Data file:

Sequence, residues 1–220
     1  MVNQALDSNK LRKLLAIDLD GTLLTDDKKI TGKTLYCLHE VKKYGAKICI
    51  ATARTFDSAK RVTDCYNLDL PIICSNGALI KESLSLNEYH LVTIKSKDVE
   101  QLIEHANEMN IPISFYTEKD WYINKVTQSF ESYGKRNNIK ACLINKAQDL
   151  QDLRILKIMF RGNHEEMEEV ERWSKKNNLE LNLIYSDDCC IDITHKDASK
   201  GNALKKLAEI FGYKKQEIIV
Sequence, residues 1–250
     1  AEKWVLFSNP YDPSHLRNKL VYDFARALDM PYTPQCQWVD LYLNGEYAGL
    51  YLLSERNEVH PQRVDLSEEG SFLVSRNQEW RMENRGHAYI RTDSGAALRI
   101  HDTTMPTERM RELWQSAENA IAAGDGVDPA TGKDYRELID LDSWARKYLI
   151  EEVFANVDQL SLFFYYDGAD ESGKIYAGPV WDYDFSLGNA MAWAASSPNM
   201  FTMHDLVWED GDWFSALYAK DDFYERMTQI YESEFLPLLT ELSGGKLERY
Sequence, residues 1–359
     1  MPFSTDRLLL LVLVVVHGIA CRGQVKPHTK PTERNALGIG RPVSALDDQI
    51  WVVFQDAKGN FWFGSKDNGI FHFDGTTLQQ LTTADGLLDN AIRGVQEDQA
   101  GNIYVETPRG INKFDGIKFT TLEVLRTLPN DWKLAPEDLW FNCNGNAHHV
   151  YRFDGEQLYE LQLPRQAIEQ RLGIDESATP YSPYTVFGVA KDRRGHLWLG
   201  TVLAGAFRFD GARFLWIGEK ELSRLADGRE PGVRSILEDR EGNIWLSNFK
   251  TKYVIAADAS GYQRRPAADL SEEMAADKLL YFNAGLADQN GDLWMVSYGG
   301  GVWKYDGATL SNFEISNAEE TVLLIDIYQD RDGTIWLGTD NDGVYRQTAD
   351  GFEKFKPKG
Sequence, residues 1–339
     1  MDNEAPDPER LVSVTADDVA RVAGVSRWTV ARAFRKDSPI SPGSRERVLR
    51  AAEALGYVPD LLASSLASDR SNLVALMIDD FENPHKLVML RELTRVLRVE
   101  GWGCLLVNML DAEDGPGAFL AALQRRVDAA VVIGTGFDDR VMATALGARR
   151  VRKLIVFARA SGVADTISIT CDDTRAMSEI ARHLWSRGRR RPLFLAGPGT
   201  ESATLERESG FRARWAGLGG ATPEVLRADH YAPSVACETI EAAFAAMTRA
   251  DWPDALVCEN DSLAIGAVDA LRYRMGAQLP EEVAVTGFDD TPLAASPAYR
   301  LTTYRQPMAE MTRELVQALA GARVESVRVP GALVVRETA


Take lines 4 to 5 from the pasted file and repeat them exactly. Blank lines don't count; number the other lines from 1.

   101  QLIEHANEMN IPISFYTEKD WYINKVTQSF ESYGKRNNIK ACLINKAQDL
   151  QDLRILKIMF RGNHEEMEEV ERWSKKNNLE LNLIYSDDCC IDITHKDASK